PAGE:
Road to Rouen


    When Supergrass released its first single, “Caught by the Fuzz,” in 1994, guitarist/vocalist Gaz Coombes was merely eighteen years old. It’s fair to say he and his bandmates have come a long way since then, but that doesn’t mean every subsequent step has been a step forward. What Supergrass has done with its fifth full-length, Road to Rouen, is make a slightly rough transition from Brit-rock to Brit-pop, a place that longtime fans of the band might consider undesirable territory.


    Realistically, it’s not a big departure. Supergrass was essentially a pop-rock band to begin with, but the transition is noticeable. Whereas previous efforts (from 1995’s I Should Coco to 2002’s Life on Other Planets) were catchier, contained higher ratios of obvious singles, and made more prominent use of angular guitar, Road to Rouen – referring to the French city, not the ducks – shows off the group’s ability to transform into a neo-classic Brit-pop band, lush layers and dark undertones intact.


    The album, however, falls short with respect to consistency. Opener “Tales of Endurance (Parts 4, 5 & 6)” foreshadows the pace and style of the record: letting a simple acoustic strum lead into soft layers of every gradually added instrument (complete with indulgent trumpet solo) that evolve into a conclusion that recalls the heavily percussive pop-rock of previous singles. But when the album truly begins, with second track “St. Petersburg,” we’re handed a beautifully put-together pop ballad that blends perfectly into the next two tracks.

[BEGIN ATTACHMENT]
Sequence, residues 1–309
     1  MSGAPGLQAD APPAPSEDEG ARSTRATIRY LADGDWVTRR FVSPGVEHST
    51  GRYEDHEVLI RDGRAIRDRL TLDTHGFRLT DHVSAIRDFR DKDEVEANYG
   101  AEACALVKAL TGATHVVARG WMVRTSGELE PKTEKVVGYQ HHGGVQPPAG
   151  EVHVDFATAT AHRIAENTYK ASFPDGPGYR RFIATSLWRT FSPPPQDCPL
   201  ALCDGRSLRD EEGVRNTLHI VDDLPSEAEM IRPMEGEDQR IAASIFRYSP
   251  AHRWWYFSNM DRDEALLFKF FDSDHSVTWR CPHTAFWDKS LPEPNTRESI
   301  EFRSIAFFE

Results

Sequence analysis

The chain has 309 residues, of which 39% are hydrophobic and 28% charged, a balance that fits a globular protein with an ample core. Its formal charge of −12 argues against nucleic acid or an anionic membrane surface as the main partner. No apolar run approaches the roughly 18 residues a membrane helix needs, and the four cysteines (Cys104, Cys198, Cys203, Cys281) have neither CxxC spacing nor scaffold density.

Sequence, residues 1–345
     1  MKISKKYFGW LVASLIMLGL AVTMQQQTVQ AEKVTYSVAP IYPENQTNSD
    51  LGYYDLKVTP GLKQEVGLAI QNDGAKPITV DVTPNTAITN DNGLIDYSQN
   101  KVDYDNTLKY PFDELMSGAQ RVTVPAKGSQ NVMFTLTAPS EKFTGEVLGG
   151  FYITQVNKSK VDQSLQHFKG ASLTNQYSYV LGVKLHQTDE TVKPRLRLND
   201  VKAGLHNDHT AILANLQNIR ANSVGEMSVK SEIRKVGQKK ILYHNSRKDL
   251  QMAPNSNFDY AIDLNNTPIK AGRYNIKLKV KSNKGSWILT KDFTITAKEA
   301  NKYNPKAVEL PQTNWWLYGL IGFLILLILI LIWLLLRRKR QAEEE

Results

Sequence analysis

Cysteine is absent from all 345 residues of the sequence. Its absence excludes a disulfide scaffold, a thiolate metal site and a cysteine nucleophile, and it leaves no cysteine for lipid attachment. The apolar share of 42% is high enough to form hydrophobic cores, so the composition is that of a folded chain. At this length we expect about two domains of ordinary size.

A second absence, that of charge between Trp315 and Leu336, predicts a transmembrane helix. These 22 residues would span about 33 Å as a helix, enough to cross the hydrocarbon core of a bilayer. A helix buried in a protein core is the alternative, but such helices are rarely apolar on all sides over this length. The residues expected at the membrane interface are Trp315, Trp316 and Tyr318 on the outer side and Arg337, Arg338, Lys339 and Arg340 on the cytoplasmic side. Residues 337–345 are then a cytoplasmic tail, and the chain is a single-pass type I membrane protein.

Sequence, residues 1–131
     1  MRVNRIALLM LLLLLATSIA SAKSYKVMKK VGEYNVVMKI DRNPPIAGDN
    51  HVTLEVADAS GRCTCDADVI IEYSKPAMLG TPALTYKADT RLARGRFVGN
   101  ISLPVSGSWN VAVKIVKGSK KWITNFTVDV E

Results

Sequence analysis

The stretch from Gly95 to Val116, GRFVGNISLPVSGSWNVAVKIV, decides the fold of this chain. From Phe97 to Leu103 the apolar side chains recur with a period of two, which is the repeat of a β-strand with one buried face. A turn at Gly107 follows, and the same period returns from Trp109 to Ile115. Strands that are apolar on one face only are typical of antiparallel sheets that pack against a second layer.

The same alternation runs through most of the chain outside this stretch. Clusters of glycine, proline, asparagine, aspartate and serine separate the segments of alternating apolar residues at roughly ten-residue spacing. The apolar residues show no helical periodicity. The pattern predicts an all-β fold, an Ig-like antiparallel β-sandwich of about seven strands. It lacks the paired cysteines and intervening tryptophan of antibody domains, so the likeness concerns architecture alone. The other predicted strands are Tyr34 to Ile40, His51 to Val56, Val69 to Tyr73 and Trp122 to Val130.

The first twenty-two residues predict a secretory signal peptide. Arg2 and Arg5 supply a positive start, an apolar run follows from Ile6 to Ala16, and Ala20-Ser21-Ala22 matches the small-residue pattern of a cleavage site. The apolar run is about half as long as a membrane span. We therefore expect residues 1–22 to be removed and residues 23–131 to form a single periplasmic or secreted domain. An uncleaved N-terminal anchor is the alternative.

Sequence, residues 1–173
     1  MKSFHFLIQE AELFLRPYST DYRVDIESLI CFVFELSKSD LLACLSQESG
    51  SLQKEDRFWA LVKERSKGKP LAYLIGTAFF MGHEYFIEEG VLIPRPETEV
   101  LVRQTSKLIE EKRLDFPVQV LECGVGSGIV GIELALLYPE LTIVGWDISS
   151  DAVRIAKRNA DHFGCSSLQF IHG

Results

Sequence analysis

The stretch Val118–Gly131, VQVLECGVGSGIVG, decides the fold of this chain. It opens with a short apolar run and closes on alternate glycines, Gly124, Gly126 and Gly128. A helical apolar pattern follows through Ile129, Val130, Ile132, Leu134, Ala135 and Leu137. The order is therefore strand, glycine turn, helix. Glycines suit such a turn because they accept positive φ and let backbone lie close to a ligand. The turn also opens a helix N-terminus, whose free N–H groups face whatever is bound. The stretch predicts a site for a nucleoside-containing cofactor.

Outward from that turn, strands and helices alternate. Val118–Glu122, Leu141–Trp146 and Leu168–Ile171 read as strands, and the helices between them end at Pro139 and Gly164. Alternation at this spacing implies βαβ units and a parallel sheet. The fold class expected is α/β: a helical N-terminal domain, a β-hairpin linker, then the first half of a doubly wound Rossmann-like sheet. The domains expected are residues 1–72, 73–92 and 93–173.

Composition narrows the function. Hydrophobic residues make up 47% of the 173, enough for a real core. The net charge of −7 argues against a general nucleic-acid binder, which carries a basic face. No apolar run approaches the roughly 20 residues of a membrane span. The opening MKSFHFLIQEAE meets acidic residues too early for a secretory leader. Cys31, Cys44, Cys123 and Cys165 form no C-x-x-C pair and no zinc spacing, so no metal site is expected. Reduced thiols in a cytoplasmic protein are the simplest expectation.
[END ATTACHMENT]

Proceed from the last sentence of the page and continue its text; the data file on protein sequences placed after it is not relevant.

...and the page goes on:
And then, nothing. “Coffee in the Pot,” best likened to the Offspring’s use of “Tea for Two” as the intermission track on Ixnay on the Hombre, is horribly out of place in its effort to prove that Supergrass still has a sense of humor. The title track begins a cluster of catchier songs well-suited to the band’s previous but weakest album, Life on Other Planets. But by the time Road to Rouen is nearly complete, we’re forced to end our thirty-five-minute journey with the anti-climactic “Fin,” a soft ballad that is so terribly easy that it’s the perfect finale to a downhill journey that wasted so much promise.


    It seems Supergrass has used this record as an experiment, dipping into both familiar and unfamiliar territory with tempo and style (at least in reference to the band’s own musical history). If the band members could let go of the familiar and make the final leap to the softer style they surprisingly succeed in, they’d have a gorgeous record on their hands – as well as proof that maturity indeed has its benefits.



    Microsite for Road to Rouen:

    St. Petersburg” video:

    Streams of five songs on Road to Rouen:


    Discuss this review at The Prefix Message Board